Relatively Speaking is a throwback to another time in the world of genealogy. These are anecdotal stories to inspire those who search for their ancestors. Although, many of these stories are from before the world of computers and certainly the age of the internet, I believe that all of us have benefited from serendipity in our research.
What??ª?s In a Name?
What??ª?s in a name? Any avid genealogist will tell you everything!
Before I discovered genealogy, however, I suffered untold persecution because of my name. As a child I went into tears whenever I had to write my full name in said space. Have you ever tried writing Marjorie Jane Featheringill on a 1??ª? line? I finally decided marriage was the only solution; so who do you think I married? A Smith, or Jones? No, a Waterfield! My ??ª?long-name-complex??ª? continued until I became interested in genealogy.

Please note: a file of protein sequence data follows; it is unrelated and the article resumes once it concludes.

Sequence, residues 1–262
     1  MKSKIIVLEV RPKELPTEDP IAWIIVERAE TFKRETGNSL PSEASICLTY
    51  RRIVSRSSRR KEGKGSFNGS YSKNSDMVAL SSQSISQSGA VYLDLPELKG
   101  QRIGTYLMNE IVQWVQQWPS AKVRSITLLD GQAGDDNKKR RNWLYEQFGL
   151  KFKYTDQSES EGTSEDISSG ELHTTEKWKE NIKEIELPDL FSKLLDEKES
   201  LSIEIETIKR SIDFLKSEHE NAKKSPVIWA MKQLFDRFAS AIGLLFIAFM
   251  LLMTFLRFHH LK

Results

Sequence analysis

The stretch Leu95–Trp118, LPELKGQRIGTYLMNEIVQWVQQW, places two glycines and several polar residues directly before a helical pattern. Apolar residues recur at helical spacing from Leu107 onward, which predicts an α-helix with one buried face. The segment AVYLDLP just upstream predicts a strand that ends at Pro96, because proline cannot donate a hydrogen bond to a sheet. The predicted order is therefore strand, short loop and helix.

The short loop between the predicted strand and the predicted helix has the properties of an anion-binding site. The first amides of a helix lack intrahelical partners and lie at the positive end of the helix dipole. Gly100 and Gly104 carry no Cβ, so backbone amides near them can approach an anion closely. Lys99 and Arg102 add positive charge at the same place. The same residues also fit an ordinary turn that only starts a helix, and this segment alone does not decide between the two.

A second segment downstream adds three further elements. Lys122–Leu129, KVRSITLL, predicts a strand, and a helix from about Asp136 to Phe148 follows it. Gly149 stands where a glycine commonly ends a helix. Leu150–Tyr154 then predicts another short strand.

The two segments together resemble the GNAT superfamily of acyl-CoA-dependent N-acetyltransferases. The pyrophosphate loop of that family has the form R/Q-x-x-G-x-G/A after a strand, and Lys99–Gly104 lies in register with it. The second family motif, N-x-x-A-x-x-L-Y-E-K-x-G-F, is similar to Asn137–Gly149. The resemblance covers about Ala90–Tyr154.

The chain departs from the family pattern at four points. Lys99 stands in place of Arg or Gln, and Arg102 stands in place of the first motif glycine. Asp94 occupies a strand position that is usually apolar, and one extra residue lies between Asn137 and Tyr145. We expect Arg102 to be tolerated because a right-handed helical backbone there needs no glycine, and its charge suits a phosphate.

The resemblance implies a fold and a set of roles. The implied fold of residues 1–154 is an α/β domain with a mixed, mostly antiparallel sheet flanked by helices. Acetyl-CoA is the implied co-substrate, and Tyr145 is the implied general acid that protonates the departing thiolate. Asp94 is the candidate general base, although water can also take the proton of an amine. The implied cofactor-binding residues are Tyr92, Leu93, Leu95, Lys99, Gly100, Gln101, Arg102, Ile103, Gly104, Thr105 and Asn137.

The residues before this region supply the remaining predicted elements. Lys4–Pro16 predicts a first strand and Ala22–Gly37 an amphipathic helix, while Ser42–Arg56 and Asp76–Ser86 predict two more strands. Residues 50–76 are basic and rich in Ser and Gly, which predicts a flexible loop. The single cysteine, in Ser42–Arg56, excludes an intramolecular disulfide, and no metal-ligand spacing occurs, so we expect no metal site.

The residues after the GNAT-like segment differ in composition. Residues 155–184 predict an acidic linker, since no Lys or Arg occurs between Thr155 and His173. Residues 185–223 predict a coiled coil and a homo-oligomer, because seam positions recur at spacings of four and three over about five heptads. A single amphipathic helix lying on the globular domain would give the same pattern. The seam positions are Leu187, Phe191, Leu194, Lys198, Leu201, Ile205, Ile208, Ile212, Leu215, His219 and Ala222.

Suddenly, I became the envy of my common-name, ancestor-hunting friends. While they spent days pouring through thousands of Smiths or Millers, they watched with amazement as I calmly leafed through records for a single Featheringill or Waterfield. When I found one ??ª?? ANY place ??ª?? ANY year ??ª?? I had found an ancestor!
I became so interested in my name, I hired a genealogist in England to trace the family lineage. Finally, the long-awaited reply arrived ??ª?? “I??ª?m sorry to inform you there is no such English name as Featheringill. It is possibly an American corruption of the name Featheringstonehaugh!”
What a relief. After thinking I had the longest and worst name possible, I was thankful some forgotten ancestor had seen fit to change it to a simple Featheringill. I could have been Marjorie Jane Featheringstonehaugh Waterfield!